Irreversible Process A process that cannot return both the system and the surroundings to their original conditions. Example - An automobile engine does not give back the fuel it took to drive up a hill as it coasts back down the hill. Most common causes of irreversibility – Friction – Unrestrained expansion of a fluid – Heat transfer through a finite temperature difference – Mixing of two different substances.
Adiabatic Process A process in which there is no heat transfer into or out of the system. The system can be considered to be perfectly insulated.
Isentropic Process A process in which the entropy of the fluid remains constant. Will occur if the process the system goes through is reversible and adiabatic. Can also be called a constant entropy process.
Polytropic Process Can occur when a gas undergoes a reversible process in which there is heat transfer A plot of Log P vs. Log V is a often a straight line PV n = constant Example - the expansion of the combustion gasses in the cylinder of a water-cooled reciprocating engine.
Throttling Process A process in which there is no change in enthalpy from state one to state two Work= 0 Is adiabatic, Q = 0 Can cause the Joule–Thomson effect - the temperature change of a gas or liquid when it is forced through a valve or porous plug while kept insulated so that no heat is exchanged with the environment
Throttling Process (cont.) Example - an ideal gas flowing through a valve in midposition – P in > P out – vel in < vel out – h in = h out. If pressure decreases then specific volume must increase if enthalpy is to remain constant (assuming u is constant), since h = u + Pv (v = specific volume) Since mass flow is constant, the change in specific volume creates an increase in gas velocity
Thermodynamic Systems and Processes Summary A thermodynamic system is a collection of matter and space with its boundaries defined in such a way that the energy transfer across the boundaries can be best understood. Surroundings are everything not in the system being studied. Systems are classified into one of three groups: – Isolated system - neither mass nor energy can cross the boundaries – Closed system - only energy can cross the boundaries – Open system - both mass and energy can cross the boundaries A control volume is a fixed region of space that is studied as a thermodynamic system. Steady state refers to a condition where the properties at any given point within the system are constant over time. Neither mass nor energy are accumulating within the system.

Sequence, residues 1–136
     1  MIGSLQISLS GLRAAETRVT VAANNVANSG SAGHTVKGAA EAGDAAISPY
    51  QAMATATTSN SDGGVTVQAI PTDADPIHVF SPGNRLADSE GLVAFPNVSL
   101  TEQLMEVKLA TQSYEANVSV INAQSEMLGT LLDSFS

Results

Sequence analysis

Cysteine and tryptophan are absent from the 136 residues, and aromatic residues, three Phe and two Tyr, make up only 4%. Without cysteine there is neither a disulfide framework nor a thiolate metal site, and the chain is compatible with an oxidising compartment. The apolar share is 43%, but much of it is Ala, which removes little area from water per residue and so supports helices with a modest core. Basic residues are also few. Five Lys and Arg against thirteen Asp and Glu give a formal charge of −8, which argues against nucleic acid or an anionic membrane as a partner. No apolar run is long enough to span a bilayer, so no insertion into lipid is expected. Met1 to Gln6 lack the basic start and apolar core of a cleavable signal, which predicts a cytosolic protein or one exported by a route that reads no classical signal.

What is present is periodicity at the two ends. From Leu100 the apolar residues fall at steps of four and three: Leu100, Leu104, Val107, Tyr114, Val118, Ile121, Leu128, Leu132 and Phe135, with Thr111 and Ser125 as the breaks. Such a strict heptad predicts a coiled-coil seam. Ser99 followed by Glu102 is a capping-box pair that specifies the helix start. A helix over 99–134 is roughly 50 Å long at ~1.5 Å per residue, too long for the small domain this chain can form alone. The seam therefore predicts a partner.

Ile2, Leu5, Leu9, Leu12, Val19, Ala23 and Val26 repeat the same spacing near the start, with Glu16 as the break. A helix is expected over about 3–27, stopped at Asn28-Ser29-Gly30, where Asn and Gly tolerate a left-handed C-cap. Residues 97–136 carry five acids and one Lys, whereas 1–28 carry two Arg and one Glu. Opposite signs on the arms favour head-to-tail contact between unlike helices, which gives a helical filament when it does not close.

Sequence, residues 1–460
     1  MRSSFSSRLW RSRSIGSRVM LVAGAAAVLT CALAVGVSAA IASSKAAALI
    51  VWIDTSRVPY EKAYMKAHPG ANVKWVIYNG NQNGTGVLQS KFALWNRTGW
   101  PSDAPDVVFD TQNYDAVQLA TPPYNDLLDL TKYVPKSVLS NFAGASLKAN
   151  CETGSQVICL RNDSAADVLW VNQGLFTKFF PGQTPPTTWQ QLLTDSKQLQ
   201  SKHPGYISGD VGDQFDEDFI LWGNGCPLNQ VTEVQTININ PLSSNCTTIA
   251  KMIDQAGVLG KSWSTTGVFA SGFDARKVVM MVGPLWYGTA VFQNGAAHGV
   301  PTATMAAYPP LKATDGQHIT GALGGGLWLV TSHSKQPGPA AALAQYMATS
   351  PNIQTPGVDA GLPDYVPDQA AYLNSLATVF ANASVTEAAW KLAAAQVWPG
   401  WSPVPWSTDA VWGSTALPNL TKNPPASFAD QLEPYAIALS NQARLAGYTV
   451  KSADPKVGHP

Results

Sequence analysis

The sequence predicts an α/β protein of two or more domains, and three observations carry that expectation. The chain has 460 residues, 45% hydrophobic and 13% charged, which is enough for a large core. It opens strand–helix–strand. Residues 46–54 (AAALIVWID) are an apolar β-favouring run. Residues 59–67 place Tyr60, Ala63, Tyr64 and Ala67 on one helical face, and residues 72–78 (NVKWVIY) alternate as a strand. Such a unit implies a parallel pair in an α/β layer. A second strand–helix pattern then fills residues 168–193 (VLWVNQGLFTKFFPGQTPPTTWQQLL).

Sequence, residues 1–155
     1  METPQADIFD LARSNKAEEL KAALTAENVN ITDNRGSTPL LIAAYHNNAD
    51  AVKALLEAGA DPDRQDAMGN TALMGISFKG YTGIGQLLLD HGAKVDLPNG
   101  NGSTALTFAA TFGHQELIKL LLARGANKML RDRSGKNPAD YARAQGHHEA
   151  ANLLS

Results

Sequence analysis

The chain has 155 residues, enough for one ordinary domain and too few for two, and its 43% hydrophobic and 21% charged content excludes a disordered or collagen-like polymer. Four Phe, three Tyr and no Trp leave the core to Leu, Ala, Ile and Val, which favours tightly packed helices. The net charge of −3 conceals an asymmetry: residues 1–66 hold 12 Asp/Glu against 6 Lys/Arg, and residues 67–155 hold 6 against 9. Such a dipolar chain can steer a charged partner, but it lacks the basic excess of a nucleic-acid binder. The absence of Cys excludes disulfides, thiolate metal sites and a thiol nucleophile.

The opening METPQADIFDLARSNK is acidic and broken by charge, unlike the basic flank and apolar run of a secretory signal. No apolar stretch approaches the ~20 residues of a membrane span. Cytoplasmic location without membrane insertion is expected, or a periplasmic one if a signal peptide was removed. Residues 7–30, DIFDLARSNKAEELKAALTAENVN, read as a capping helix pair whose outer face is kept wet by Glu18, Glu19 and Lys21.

Thermodynamic Systems and Processes Summary (cont.) A thermodynamic process is the succession of states that a system passes through. Processes can be described by any of the following terms: – Cyclic process - a series of processes that results in the system returning to its original state – Reversible process - a process that can be reversed resulting in no change in the system or surroundings – Irreversible process - a process that, if reversed, would result in a change to the system or surroundings – Adiabatic process - a process in which there is no heat transfer across the system boundaries – Isentropic process - a process in which the entropy of the system remains unchanged – Polytropic process - the plot of Log P vs. Log V is a straight line, PV n = constant – Throttling process - a process in which enthalpy is constant h1 = h2, work= 0, and which is adiabatic, Q=0.